7 of 7 people found the following review helpful By Little Willow on April 19, 2008
Format: Hardcover
Cuba's three wars for independence raged on as Rosa la Bayamesa, a nurse, tended to the sick and the injured. Using medicine made from plants, she helped the fallen soldiers, the children, even those who fought for the other side.

This verse novel is based on actual events and people, and it follows Rosa's life from 1850 to 1899. Even when they were pursued by her enemies, Rosa and her husband Jose never stopped helping others. Jose and a few other supporting characters, such as a little girl named Silvia, step in from time to time to share a poem, but Rosa is the driving force behind the story. We could all learn something from her selflessness and determination.
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4 of 4 people found the following review helpful By Lindsey Miller on August 1, 2009
Format: Hardcover
It's not surprising that the Surrender Tree won so many awards, including a Newbery Honor. The language is beautiful, and the story itself is one that is not often told. Especially for an American audience, this text reveals a new type of Cuba that predates the Communist revolution that sparked an arms race during the Kennedy presidency. This is a Cuba much like the early America or Jamaica--a country of people who want to have their own independence, who want to live freely as one people, no slavery, all equals. It's interesting to see the story from so many perspectives, and I think that Engle adroitly switches through the first person narratives with ease. Often writers will struggle to create variance in the voices and speech patterns of their characters, but each of the four sounds different from each other, not only in style and rhythm, but also in their character--hopes, dreams, loves, actions, driving forces. I read it twice, and I would recommend it to all readers.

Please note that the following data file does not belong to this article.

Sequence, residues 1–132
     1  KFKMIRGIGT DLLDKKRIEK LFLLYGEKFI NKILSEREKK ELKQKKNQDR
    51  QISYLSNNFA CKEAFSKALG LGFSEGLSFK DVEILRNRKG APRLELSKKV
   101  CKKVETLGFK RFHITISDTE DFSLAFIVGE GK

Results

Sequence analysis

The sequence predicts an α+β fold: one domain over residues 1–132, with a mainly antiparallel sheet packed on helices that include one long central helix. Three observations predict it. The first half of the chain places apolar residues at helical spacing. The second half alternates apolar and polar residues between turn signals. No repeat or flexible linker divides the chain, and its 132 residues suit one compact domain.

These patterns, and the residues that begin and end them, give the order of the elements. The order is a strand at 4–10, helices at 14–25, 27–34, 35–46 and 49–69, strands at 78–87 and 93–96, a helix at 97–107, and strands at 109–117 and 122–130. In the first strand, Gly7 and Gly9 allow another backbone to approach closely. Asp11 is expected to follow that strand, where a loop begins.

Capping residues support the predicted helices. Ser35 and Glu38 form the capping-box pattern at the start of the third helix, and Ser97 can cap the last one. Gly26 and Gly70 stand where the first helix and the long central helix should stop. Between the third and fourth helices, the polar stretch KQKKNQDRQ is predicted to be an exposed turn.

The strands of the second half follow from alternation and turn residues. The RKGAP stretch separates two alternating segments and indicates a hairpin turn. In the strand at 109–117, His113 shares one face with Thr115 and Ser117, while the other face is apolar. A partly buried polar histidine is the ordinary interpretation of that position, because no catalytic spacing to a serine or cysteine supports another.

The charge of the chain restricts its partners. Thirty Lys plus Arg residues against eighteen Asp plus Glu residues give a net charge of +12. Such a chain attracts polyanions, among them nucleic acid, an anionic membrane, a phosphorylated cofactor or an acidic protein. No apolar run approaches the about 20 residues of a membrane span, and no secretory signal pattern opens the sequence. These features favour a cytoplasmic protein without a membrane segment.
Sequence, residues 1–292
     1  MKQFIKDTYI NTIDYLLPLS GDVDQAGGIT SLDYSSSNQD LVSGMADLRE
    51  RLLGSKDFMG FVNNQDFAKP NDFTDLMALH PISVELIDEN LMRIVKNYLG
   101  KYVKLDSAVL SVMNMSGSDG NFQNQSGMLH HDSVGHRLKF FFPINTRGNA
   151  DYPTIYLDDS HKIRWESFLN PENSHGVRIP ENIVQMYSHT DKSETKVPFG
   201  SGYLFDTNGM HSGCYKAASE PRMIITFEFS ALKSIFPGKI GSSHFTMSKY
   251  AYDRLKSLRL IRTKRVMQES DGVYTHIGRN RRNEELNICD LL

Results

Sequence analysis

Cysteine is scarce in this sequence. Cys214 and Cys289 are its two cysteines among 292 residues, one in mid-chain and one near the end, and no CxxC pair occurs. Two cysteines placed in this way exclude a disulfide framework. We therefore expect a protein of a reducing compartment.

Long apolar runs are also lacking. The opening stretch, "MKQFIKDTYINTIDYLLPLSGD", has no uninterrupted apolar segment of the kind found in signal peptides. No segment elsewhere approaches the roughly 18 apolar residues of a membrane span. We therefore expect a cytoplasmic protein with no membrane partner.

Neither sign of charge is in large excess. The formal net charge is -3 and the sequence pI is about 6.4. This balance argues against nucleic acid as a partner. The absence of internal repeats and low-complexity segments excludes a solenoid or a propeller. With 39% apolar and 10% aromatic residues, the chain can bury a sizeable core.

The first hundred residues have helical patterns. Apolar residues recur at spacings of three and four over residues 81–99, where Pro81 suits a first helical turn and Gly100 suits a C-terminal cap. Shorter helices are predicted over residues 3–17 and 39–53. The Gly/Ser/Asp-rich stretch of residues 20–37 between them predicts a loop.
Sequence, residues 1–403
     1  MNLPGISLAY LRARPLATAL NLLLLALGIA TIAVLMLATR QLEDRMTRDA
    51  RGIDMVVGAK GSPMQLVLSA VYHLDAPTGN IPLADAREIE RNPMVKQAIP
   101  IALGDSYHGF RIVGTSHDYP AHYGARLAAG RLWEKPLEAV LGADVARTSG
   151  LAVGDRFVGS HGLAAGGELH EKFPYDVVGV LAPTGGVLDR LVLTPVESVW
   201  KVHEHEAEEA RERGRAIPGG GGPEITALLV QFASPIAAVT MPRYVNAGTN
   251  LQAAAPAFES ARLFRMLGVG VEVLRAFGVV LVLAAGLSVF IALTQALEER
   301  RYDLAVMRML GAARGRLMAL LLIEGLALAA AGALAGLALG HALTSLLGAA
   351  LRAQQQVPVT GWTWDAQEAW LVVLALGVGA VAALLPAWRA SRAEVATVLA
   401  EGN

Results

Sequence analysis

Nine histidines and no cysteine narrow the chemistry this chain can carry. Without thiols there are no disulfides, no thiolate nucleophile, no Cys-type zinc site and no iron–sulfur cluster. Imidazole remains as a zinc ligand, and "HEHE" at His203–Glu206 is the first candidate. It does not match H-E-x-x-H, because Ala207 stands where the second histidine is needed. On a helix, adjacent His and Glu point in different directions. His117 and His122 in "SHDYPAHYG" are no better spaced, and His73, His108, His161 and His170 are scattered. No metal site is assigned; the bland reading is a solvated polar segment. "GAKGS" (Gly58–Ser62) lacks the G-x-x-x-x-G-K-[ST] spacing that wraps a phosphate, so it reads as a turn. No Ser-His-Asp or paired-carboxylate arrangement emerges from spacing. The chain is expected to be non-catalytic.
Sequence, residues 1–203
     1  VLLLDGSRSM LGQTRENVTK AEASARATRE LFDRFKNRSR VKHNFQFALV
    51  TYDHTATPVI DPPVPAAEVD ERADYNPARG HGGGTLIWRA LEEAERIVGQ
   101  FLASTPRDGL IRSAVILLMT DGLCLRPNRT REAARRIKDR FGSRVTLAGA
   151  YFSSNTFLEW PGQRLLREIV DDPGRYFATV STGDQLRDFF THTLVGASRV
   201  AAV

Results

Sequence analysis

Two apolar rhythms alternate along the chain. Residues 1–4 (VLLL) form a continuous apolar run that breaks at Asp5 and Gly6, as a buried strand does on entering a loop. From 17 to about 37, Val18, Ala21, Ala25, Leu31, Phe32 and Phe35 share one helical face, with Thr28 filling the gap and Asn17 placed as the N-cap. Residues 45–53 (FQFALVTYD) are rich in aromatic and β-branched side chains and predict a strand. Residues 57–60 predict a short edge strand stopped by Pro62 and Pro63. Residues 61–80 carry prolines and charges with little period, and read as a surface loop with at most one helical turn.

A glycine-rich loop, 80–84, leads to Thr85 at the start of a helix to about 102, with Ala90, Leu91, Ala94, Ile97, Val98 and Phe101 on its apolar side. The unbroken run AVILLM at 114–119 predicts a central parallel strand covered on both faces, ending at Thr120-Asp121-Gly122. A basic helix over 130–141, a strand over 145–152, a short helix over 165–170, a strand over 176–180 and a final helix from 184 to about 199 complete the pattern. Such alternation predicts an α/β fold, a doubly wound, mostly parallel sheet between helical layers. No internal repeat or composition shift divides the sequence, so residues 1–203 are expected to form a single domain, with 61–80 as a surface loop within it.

-Lindsey Miller, [...]
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Format: Audio CD
The Surrender Tree is a magnificently, wonderful book that should find its way into the hands of upper-elementary, middle, and high school readers. The print version of Engle's novel-in-prose holds great potential for opening young minds to the injustices of the world.

The audiobook version ruins the book. The main reader for the character of Rosa mispronounces Spanish words and is very monotone. Unless you want to discourage children from listening to audiobooks, steer them far away from this edition towards the print version of the book.
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Format: Hardcover
The Surrender Tree is a unique novel, both for its content and its style. It tells the story of an often overlooked or overshadowed period in early Cuban history when the country was embroiled in three different wars for independence between 1868-1898. In an unexpected move, the author, Margarita Engle, chooses to tell the story in verse form. Now, I have to admit to some hesitancy and a little bit of dread when I realized the novel was written in free verse. Yet, I was captivated by the story almost immediately, finishing it in an afternoon.

Part of my initial hesitancy stemmed from the difficulty I imagined would present itself for a teacher using a verse novel in the classroom--unfortunately, for many students poetry can be difficult and intimidating. Yet, I soon realized that Engle's use of verse to tell the story was actually quite brilliant. The verse form serves to make the story much more accessible to young adult readers. For one, the pages aren't visually overwhelming. Each page is devoted to one poem told from one person's point of view. This also makes the story easy to follow and the characters easy to track, students always know who is speaking. All of this creates a superficial simplicity that allows students to become easily engaged in a more complex narrative experience. Once engaged, students can take in the story of Rosa, the freed slave who worked to heal the injured in all three of Cuba's wars for independence. They see everything unfold as Engle's writing paints vibrant pictures of what life was like during this historical period. They are introduced to Cuban slavery, pre World War II concentration camps, and early U.S. involvement in Cuba.